A few weekends ago I was listening to a website of Indian music (http://www.dhingana.com/) and especially their Hindi Oldies section. I adore songs from the old B&W Indian movies of the 1950s and 60s. My long-suffering family knows my idea of a perfect take-away evening is to recreate the background music of the restaurant, but usually a bit louder and with less modern (as in bland) songs. You have to find those songs from somewhere.

Then it occurred to me that I didn’t have enough names behind the songs. What I mean is that I wouldn’t be so crass as to watch a BBC documentary about Glam Rock without knowing the difference between David Bowie and The Sweet. Whereas you could have summed up what I knew about Indian music artists into one reference – that indie song by Cornershop called “Brimful of Asha”.

At least I knew the person in reference is Asha Bhosle, who was best known as a playback singer in Hindi cinema. A playback singer makes prerecorded songs for use in the Bollywood movies. The actors or actresses then lip-sync the song lyrics during those wonderful song and/or dance routines that zing with joy or pathos. In fact, “Dhingana” is a  Marathi word that means joy, zeal and frenzy. That sums it up, right enough.

Playback singers worked really hard.  So hard that the Guinness Book of Records (2011) acknowledged Asha Bhosle as the most recorded artist in music history. Ever. She’s done the singing on over a thousand movies.

Now, it turns out (a) that Asha has an older sister, and (b) that many of the songs I like but didn’t know the artist were sung by her. Her name is Lata Mangeshkar, and she was also a playback singer.

But it isn’t all about the singers. Those actresses were eye-catching too. There’s Suchitra Sen for example, an Indian actress who has acted in many Bengali films. Possibly the most surreal plot-line of any of them is “Deep Jweley Jai” (1959). It means “to light a lamp”. She plays a nurse who is working for the R.D. Laing of Indian psychiatry, and many of his cures for patients involve Suchitra forming a personal relationship. With this one guy, for example, who is diagnosed as having an unresolved Oedipal complex, she has to impersonate his mother. But in a more loving sort of way than usual. If all this sounds like a bad porn movie plot, I refer you immediately to the year it was made. It’s as chaste as anything. But it is full of partly-lit and shadowy cinematograhy and she looks stunning in those close-ups. In a word – iconic.

They all look iconic, these singers and actresses.

Most of these women are still alive, and now in their 80s. For myself, I was pleased with my web surfing on that Sunday evening, and knew that I had some great Hindi songs to listen to as well as a better grasp of who was behind the music and the films.

On that same evening of October 28, an Indian woman died in the same hospital where I was born. Savita Halappanavar was 31 years old. It isn’t difficult to do a quick search for the news details. The basics are that she had a miscarriage. Because (allegedly) there was a foetal heartbeat, she was denied a termination. Because her cervix was dilated she suffered septicemia and organ failure led to her death. She seems to have been denied basic Christian charity in a “Catholic country”.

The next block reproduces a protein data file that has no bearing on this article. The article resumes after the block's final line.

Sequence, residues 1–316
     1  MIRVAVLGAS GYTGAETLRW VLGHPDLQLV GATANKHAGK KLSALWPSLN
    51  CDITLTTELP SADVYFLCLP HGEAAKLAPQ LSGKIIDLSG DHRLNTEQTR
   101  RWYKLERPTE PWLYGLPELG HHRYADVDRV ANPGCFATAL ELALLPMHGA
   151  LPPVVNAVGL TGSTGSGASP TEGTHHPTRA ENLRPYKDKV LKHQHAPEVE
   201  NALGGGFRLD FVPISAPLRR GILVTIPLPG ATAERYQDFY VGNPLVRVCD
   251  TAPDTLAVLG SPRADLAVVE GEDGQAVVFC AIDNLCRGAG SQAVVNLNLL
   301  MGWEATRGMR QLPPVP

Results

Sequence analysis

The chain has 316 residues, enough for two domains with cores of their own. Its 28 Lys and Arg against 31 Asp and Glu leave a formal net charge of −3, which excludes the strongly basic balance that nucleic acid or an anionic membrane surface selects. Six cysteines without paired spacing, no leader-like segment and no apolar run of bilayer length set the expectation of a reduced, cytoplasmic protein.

When the pictures of Savita appeared next to the awful news, they too seemed iconic. Just iconic for the wrong reasons.

Many people in Ireland (and the diaspora) were shocked and angry. Personally, I was angry to read that a symposium on maternal healthcare in Dublin a month earlier had concluded that abortion is never medically necessary to save the life of a mother. As you might imagine, the Pro-Life mob had a field day with that. I was also dismayed to see several Labour politicians had voted last April against a Bill on Termination of Pregnancy in Case of Risk to Life of Pregnant Woman because (I can only presume) it was put before Parliament by the other side. You don’t have to read back too far in this blog to know I’m no fan of Sinn Fein either; but what happened to all those campaigns I took part in during the 1970s that were all about the issue, not who had proposed or seconded it?

The symposium in Dublin got some of its scientific respectability from the eminent doctors who spoke there. One of them has worked in Galway for decades. It was sobering to me when I talked about the Savita case with my mother: she reminded me I was a difficult birth (a breech who kept turning back the wrong way, no matter what they did – nothing changes). Without prompting, she tore into the same eminent gynecologist. Her feeling was that he saw women suffering as part of some Divine glory, and that they should endure it. Strong stuff, and coming from a pensioner not some snotty young Leftie.

Maybe I write these stupid posts as a form of catharsis. Maybe it’s to let out the anger of the fuck cancer / why me? But I want to turn back the clock many years and tell immigrants such as Savita and her husband: there’s a reason why so many of us have emigrated from that Island, and it isn’t all to do with economics. Too late now for her.